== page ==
Valencians are appreciative of arts and culture. As such, shopkeepers commission local artists to create masterpieces on their security shutters and walls. The result is a plethora of fun, whimsical and often political and social statements. Craig and I are drawn to these masterpieces (pun intended).
After our morning visiting Gran Via, we headed down to the Alternative Festival along the Jardin del Turia.
The Turia Garden is a 110 hectacres (270+ acres) public park, with a length of more than nine kilometers. Crowned by 18 centuries-old bridges the garden was built on the river Turía bed that was diverted to avoid the continuous floods that the city suffered. After the great flood that desolated the city in 1957, the city channels the Turia to the south leaving this strip of land that crosses the city from west to east, surrounding the historic center. Inaugurated in 1986, several urbanists and landscapers designed the different stretches, reproducing the old river landscape and creating a unique route populated by palm trees and orange trees, fountains and pines, aromatic plants and ponds, sports courts and rose gardens. Each evening after dinner, we stroll over one of the historic bridges or down into the park to watch a fütbol game, cyclists and runners.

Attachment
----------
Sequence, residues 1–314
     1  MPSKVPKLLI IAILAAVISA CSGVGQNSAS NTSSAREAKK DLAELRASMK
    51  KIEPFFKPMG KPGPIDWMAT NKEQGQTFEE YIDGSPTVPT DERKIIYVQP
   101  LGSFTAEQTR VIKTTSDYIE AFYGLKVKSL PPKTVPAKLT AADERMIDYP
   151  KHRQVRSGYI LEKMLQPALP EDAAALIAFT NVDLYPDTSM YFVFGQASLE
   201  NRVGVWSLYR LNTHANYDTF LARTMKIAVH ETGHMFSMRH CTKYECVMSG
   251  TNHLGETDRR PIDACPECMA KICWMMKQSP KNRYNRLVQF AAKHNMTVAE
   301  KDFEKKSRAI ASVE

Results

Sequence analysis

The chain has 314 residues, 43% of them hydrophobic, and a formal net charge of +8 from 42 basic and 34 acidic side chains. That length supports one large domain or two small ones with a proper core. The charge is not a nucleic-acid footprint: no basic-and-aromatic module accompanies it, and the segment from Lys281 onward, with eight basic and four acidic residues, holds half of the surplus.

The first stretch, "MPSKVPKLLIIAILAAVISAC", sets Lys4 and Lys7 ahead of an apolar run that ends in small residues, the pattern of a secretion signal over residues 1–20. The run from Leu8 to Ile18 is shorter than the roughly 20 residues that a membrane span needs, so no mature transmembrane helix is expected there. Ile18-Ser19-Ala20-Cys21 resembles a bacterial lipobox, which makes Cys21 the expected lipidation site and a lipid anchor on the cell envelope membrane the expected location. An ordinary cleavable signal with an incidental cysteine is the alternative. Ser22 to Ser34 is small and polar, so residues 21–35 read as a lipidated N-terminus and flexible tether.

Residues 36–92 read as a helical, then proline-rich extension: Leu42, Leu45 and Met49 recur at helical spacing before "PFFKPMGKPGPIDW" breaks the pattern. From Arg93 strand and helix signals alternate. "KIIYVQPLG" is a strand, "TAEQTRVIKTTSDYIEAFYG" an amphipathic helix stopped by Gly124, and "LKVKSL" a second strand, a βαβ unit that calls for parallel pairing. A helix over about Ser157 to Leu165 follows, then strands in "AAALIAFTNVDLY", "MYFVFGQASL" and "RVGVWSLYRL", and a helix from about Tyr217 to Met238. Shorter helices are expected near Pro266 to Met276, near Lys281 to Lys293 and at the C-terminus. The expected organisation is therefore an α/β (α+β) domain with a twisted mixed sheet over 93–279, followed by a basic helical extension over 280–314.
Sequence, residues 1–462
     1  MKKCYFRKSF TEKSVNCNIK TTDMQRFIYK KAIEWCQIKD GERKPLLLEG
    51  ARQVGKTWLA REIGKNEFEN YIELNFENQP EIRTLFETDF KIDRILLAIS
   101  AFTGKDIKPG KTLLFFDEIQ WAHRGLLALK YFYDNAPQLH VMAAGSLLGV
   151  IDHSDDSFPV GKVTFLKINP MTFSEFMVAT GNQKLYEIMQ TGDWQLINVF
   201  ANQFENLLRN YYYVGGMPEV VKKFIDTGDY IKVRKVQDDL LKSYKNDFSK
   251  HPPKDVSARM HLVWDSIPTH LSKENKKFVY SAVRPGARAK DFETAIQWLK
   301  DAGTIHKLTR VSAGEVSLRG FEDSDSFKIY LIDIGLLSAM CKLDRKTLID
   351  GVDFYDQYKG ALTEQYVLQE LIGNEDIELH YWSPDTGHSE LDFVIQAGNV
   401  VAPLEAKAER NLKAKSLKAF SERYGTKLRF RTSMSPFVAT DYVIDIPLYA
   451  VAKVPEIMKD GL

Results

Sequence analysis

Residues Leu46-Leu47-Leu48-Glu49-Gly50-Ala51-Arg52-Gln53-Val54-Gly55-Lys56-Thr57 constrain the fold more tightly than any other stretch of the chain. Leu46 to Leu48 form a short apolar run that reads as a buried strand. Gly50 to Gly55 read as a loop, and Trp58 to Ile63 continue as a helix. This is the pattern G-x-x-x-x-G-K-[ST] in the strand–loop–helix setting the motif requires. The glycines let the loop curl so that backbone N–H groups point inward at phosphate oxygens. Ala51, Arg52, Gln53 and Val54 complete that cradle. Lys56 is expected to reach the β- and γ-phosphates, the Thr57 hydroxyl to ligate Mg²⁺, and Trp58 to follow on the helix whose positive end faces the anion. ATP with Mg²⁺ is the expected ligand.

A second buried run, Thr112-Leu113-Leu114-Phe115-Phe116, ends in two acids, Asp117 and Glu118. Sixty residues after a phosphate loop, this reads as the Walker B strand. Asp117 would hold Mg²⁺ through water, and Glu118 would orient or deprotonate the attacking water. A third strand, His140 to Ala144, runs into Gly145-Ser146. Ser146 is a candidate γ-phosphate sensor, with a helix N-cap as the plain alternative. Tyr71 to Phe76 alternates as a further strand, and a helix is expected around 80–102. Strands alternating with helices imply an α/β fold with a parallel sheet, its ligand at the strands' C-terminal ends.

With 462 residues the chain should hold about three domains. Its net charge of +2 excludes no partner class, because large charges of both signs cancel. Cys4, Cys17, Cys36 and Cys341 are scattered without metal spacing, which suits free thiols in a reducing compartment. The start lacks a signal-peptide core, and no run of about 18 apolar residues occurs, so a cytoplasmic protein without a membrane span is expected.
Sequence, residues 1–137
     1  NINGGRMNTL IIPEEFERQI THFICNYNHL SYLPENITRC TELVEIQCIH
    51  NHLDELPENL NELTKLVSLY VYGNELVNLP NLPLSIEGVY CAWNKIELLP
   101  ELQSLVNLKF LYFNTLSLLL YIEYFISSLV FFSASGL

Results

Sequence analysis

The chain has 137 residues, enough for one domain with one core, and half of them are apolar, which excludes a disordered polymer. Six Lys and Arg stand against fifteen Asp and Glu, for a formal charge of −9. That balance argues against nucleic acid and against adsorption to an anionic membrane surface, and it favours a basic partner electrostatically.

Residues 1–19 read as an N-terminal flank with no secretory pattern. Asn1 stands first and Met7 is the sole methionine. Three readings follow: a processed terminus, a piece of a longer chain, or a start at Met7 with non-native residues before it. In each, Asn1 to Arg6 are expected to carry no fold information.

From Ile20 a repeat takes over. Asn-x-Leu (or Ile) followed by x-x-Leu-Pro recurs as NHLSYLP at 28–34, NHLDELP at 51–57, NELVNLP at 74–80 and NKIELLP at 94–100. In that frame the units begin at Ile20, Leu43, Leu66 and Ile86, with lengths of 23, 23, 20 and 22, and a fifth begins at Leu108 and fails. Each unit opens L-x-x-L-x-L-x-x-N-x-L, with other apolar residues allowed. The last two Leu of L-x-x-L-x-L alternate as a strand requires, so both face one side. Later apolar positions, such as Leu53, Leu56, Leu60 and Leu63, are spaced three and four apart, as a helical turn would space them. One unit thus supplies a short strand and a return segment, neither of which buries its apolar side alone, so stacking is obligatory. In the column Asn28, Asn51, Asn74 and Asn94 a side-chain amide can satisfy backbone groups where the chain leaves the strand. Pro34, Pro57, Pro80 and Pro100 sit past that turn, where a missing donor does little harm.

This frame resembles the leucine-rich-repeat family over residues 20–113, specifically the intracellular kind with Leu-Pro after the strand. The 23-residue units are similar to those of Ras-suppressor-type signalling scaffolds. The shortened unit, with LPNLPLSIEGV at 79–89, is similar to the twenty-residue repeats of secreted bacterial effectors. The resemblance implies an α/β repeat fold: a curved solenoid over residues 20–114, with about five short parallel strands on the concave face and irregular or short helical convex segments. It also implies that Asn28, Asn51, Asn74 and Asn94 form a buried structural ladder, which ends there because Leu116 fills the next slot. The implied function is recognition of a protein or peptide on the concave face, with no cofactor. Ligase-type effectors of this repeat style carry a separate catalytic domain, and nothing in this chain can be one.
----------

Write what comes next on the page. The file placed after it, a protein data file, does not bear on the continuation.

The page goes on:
The Alternative Festival was filled with thousands of Spaniards, eating, drinking, shopping and dancing to live music. It felt like a throwback to the 60’s filled with artists selling their wares– weaving, woodcarving, leatherworks, handmade children’s toys and more. The welcoming of diversity of Valencia is one of the reasons that drew us to this special place.
The evening features teams of drummers vying for top honors. While we didn’t stay late enough to watch the competition, we did watch the “green team” practicing on an earlier evening.
The folks here are apologizing for the weather. It topped out at 84° here today and it is a tad humid.